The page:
In this course you will learn everything you need to know to develop twist plots that you can use in short stories or in a novel.
Twist stories can be a very lucrative form of writing, and they are also great fun to write. Write Stories With a Twist covers all of the techniques and tips you will need for success. By the end of the course you will understand exactly how twist plots work and be in a position to create twist stories of your own.
Here's what you'll learn in the course:
There's also a glossary and recommended reading list with the course.
You’ll learn by listening to lectures, completing writing exercise and reading downloadable handouts and other materials. You’ll apply the things you learn in the lectures by reading and analysing stories to find out how they have been put together.
Quite simply, this course has everything you need to learn how to write stories with a twist.
And of course it comes with Udemy's 30-day money back guarantee - so if you're not completely satisfied with the course, you can ask for your money back, no questions asked. So what have you got to lose?
The course is taught by a qualified writer with over 25 years of fiction writing experience.
Welcome! In this video lesson I'll explain why I created this course and what you will learn in the lessons.
Why are writers drawn towards twist stories? What are the advantages of creating twist plots?
In this lesson we consider the importance of researching markets for twist stories before you start to write.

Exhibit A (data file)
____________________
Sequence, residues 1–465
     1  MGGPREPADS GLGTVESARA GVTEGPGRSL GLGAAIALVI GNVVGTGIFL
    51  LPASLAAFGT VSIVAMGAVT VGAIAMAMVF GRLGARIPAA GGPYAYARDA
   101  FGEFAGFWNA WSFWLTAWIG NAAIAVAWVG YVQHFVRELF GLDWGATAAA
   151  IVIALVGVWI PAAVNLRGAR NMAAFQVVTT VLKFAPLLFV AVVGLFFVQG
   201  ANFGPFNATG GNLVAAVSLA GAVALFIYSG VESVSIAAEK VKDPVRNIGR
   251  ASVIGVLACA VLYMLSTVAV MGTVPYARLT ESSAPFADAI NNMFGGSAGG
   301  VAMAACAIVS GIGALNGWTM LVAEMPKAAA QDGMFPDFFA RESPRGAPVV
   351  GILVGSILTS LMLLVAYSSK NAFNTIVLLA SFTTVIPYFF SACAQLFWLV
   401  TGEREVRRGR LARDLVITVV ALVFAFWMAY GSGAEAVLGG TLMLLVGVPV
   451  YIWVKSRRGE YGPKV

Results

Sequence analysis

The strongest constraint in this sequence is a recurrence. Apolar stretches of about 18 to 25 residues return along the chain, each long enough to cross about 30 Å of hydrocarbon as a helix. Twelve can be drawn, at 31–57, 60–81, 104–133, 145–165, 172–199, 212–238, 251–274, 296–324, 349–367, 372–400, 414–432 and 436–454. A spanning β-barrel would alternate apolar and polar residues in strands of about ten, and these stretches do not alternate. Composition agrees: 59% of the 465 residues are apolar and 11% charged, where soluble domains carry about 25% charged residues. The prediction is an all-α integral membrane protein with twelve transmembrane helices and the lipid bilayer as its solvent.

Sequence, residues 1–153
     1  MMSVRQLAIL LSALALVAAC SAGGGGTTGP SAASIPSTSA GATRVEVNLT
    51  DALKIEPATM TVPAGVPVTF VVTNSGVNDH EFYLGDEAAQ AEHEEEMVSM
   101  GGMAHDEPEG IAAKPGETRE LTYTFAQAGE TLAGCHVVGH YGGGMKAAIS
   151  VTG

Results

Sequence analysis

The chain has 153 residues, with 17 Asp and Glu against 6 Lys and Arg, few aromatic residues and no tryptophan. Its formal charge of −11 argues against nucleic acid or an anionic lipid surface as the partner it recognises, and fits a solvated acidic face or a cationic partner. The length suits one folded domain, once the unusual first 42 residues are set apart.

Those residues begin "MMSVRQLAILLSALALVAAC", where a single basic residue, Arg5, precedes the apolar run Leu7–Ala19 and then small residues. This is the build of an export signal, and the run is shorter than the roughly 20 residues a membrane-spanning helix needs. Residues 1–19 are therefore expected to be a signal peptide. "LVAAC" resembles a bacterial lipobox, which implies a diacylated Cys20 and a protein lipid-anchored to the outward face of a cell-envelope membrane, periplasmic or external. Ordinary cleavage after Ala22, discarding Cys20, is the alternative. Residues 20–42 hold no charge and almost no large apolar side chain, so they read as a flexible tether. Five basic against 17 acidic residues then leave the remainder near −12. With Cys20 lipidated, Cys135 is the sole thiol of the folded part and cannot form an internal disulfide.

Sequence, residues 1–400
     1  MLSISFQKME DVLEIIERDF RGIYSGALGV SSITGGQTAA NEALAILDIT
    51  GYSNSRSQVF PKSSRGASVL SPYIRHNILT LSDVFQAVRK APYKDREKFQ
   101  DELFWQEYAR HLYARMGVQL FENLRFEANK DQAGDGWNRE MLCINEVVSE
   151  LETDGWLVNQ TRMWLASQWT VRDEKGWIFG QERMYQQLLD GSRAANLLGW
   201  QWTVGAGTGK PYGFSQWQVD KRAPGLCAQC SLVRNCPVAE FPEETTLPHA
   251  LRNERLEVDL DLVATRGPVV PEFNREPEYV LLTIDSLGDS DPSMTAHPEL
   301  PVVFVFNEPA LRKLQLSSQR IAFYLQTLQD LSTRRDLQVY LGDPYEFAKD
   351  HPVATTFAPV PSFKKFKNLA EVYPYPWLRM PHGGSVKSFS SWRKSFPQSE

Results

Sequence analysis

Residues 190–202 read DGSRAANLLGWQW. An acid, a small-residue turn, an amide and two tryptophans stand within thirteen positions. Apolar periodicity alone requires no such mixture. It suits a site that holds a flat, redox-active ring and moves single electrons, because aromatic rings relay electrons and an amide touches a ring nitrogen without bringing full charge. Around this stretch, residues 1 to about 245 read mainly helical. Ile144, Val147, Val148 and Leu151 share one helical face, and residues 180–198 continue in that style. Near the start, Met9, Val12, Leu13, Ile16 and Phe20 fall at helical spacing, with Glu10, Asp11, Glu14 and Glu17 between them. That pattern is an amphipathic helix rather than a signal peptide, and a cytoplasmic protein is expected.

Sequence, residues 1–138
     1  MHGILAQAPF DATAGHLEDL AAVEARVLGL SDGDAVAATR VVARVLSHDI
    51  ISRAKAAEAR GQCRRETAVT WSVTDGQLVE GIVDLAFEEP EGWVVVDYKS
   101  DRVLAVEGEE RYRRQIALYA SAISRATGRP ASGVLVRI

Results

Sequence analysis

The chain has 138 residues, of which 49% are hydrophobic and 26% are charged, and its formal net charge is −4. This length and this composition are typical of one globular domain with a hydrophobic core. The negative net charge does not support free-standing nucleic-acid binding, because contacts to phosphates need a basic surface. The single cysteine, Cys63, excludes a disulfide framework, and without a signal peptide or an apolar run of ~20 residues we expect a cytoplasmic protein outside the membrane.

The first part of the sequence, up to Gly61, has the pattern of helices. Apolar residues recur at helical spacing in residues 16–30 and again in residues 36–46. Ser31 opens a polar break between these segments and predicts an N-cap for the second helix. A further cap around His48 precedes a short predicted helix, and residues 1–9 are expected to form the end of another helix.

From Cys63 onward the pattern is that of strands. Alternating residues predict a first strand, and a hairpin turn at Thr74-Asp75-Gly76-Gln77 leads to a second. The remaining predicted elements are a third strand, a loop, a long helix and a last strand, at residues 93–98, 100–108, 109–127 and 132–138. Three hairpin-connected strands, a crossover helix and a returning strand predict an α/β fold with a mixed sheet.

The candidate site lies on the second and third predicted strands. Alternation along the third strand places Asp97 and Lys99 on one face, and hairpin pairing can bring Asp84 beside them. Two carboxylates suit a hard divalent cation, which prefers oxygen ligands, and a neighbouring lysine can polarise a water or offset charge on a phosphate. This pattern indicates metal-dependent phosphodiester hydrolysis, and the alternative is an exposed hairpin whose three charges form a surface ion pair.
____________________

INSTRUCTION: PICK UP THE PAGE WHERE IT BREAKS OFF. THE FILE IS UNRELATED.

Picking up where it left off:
In this video, we look at how to create a twist using an unreliable narrator.
In this video, we look at how to create a twist using a reversal of identity.
Now let's look at twist types that rely on a reversal of motive.
Now it's time to think about twists that revolve around a reversal of perception.
Let's consider the type of twist that relies on a reversal of achievement.
Read the Gift of the Magi by O Henry, which is an example of a story that uses a reversal of achievement twist (you can also download the story as a PDF).
If you prefer, you can move straight on to an analysis of the story in the next lesson.
In this lesson, we analyse The Gift of the Magi by O Henry using a story template, which you can use to outline your own twist stories later in the course. You can listen to the analysis in the video lesson, or download the analysis as a PDF.
In this video we look at twists that rely on a reversal of fortune (also known as peripeteia)
The Necklace by Guy de Maupassant is an example of a story that uses a reversal of fortune twist. In this lecture you can listen to or read my analysis of the story to help you understand more about a reversal of fortune type twist. The analysis uses the template we referred to in our earlier analysis of The Gift of the Magi.
Here's a short recap on what we've learned during this section.
This lesson offers advice on how to start developing a twist for your story.
Adding a second twist to short pieces of fiction will make your story more satisfying for readers and more likely to sell to an editor. This lesson looks at a story example to demonstrate how a second twist can add extra value.
Once you've thought of an idea for a twist, you'll need to start to build a story around it. This lesson looks as some of the ways you can do this.
In this lesson we look at how to create an outline for your twist story.